Iron regulates transcription of the Escherichia coli ferric citrate transport genes directly and through the transcription initiation proteins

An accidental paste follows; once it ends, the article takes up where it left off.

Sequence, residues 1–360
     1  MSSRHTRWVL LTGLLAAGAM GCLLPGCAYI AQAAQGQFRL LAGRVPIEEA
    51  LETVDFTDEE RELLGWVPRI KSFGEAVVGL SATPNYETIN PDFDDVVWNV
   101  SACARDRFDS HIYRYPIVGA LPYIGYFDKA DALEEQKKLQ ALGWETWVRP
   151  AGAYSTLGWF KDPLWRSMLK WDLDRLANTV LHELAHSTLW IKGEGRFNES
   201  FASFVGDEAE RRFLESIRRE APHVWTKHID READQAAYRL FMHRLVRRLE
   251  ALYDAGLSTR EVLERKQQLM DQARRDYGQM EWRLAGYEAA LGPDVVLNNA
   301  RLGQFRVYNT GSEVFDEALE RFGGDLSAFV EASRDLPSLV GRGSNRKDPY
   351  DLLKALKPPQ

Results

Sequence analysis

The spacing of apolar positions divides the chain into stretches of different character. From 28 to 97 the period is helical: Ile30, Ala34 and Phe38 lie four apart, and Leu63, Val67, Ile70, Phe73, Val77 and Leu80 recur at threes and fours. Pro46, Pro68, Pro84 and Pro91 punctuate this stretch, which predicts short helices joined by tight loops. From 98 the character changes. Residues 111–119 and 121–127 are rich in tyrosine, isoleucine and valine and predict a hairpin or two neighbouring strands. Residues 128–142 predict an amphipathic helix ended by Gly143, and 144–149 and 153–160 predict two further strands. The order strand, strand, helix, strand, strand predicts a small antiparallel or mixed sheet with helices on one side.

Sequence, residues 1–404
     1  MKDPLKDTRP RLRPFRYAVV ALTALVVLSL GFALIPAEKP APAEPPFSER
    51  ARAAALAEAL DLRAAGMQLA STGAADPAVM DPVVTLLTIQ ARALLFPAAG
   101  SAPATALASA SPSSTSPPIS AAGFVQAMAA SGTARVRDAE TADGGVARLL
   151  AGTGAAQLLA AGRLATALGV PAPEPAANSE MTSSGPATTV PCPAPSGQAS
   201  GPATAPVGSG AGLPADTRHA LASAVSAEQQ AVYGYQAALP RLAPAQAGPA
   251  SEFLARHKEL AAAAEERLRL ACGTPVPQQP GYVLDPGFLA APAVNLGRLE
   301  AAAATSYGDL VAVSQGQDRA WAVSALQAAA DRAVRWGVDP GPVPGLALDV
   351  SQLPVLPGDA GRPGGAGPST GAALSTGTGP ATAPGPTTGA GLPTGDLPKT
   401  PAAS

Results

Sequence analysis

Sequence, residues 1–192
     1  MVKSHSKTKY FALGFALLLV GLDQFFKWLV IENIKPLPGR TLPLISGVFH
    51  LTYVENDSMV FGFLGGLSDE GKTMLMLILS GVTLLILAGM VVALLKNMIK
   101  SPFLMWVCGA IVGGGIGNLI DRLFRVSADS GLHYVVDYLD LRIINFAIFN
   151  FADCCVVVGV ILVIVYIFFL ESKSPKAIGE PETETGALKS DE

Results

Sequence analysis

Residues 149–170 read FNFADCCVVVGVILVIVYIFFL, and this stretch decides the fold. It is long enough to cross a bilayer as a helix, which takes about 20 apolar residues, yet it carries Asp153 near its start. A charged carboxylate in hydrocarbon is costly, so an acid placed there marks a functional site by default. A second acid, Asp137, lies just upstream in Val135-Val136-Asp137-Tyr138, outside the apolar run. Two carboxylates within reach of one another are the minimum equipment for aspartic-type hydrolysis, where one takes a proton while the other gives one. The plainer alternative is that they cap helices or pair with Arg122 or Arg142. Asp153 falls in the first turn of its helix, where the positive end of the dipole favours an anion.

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Ferric citrate induces transcription of the ferric citrate transport genes fecABCDE in Escherichia coli by binding to the outer-membrane receptor protein FecA without entering the cell. Replete iron concentrations inhibit transcription of the fec transport system via the iron-loaded Fur repressor. Here we show that the Fur repressor activated by Mn2+ (used instead of Fe2+) binds to the promoter of the regulatory genes fecIR and to the promoter of fecABCDE. DNase I footprint analysis revealed that Mn2+–Fur (50 nM) protected 30 nucleotides of the coding strand and 24 nucleotides of the noncoding strand of the fecIR promoter. Higher amounts of Mn2+–Fur (100 nM) covered 41 nucleotides of the coding strand of the fecIR promoter and 38 nucleotides of the coding strand of the fecA promoter. The corresponding region of the noncoding strand of the fecA promoter was hypersensitive to DNase I. The results of a deletion analysis of the fecA promoter supported the previously assigned –35 and –10 regions and nucleotide position +11 for FecI–RNA polymerase interaction. Induction of fecIR transcription by iron limitation increased fecB-lacZ transcription 3.5-fold, whereas under constitutive fecIR transcription, iron limitation increased fecB-lacZ transcription twofold. The two iron-regulated sites of fec transport gene transcription suggest a fast response to sufficient intracellular iron concentrations by repression of fecABCDE transcription and a slower adaptation as the result of fecIR transcription inhibition.
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